We walk past Campsite #10, a small place with one rather wet and one drier site, and work our way up Leadbetter Ridge. Several times the top appears tantalizingly close only to have the trail continue upward. At last, we hit the ridge line of oaks and pines for a bit of a breather, before pushing on to Russell Field. Taking a short worn path off trail to the left, we find the well maintained, grass clearing maybe 40 yards square, representative of open fields or balds used by settlers to pasture cattle in summer. To the left is another open area with a few large trees. To the right is a smaller clearing with smaller trees and a second path leading back to the main trail. Without regular maintenance, these grassy balds would likely revert fairly quickly to forest unless lightening fires or other natural phenomenon intervened to preserve the open spaces.
The trail dips down for a bit and swings past a deeply shaded spring to the right that supplies backpackers at the shelter. Water on the ground is solidly frozen in places, but the spring itself is flowing freely. The steep, final approach is terraced into steps, and the shelter’s silhouette on the ridge line is a lovely sight. We arrive mid-afternoon with plenty of daylight to relax and explore.
The shelter sits right next to the Appalachian Trail within a delightfully open woodland that must be maintained to keep brambles from taking over. Behind the shelter is more open woodland heading in the direction of Pole Knob. Limited views north and south can be teased between tree trunks this time of year. Those tree trunks are liberally adorned with a dizzying variety of lichens, mosses, and liverworts. One maroon liverwort, Frullania sp., occurs in small but dense patches on most trees. I long for my macro camera lens and tripod.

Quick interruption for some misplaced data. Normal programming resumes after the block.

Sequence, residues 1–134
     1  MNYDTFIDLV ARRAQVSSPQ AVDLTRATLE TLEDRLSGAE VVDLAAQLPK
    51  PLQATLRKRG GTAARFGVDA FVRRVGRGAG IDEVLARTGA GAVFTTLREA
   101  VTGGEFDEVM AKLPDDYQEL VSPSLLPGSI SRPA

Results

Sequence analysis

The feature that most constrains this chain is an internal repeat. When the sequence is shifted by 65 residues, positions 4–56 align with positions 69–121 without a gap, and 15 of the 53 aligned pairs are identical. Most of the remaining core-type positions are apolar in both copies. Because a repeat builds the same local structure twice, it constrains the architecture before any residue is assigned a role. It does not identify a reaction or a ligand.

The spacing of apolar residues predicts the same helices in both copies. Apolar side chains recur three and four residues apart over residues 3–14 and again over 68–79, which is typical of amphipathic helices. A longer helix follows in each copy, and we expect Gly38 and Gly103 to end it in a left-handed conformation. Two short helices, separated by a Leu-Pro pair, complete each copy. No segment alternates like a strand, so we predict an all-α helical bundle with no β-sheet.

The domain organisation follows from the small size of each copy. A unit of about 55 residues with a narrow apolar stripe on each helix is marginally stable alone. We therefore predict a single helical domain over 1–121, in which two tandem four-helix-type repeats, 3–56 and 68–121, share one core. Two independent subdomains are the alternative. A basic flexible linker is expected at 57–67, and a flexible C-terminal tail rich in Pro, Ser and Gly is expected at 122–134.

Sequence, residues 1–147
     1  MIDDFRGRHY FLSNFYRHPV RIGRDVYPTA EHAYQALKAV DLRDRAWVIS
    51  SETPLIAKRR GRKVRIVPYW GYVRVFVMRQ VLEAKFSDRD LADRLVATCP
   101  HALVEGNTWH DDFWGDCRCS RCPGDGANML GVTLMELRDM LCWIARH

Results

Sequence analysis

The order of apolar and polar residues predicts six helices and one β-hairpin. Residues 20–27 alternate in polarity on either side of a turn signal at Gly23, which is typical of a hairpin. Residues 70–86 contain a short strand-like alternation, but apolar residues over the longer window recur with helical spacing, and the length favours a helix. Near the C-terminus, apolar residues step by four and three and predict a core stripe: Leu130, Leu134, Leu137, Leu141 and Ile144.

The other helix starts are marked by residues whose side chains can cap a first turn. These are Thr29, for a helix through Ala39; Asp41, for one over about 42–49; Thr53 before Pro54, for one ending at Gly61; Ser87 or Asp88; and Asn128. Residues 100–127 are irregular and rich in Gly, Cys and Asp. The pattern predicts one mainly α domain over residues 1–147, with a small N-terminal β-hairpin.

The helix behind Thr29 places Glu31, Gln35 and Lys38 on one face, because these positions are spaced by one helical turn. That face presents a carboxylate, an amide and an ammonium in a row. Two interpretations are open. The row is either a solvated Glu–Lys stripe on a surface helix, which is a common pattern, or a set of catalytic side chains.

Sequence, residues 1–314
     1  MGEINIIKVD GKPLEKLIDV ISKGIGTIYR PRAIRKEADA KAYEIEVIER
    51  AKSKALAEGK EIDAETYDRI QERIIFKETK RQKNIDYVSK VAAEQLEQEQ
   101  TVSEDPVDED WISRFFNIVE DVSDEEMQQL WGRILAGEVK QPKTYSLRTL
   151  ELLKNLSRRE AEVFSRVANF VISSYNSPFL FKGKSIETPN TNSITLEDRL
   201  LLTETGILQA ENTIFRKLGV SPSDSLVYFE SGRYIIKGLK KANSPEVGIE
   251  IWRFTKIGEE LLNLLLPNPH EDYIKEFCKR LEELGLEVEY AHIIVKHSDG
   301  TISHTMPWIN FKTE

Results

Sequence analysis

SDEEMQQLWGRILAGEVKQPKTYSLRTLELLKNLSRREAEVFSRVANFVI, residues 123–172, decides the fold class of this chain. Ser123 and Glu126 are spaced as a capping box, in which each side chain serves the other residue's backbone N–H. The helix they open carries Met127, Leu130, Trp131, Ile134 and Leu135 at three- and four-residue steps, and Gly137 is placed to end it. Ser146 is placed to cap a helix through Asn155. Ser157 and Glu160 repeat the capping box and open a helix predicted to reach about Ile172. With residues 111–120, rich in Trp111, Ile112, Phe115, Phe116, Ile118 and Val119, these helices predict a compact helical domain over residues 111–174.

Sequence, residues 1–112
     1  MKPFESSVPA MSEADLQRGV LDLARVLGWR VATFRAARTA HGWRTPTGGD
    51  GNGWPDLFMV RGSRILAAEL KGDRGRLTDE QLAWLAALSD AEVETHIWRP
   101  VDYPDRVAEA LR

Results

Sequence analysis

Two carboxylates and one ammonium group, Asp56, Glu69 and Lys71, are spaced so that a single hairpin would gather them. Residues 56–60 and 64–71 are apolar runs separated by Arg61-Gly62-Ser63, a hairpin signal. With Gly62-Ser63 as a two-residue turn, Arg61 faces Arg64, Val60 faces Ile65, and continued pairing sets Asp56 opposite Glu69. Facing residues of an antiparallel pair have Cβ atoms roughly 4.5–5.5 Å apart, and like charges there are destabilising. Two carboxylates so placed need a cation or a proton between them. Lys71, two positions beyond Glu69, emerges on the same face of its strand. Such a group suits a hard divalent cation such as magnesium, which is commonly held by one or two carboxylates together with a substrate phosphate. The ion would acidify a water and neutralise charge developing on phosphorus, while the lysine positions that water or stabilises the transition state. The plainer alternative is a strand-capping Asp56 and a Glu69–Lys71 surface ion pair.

The shelter itself is simply beautiful. Recently renovated, there are more benches, a new roof, and a crystal clear skylight. Horse hitches are a short distance in front of the shelter. Someone hung a white tarp over half the opening as a wind break. Clarence and I set our sleeping pads and bags on the upper level behind this screen. He goes to the spring for water while I watch our belongings and prepare for dinner. The sun has felt good all day countering a slight breeze, but as the rays get weaker and more distant, light winds from the west get the upper hand and drive me behind the shelter’s walls for protection. I will need my winter coat until bedtime. No one else shows up, and I bore Clarence into a stupor reciting poems.
The night sky is black and full of brilliant stars; the waxing quarter moon shines brightly through the skylight. The winds stay light, blowing mainly against the back of the shelter. Occasionally the tarp puffs taut then relaxes making a soft crinkling sound. We hear coyotes whining like puppies in the distance. I get up once for a bathroom run and manage to back my bare behind into one of the few brambles left standing. It is cold, perhaps mid to low 20s, but my down sleeping bag, Polartec base layers, and merino wool socks keep me warm all night.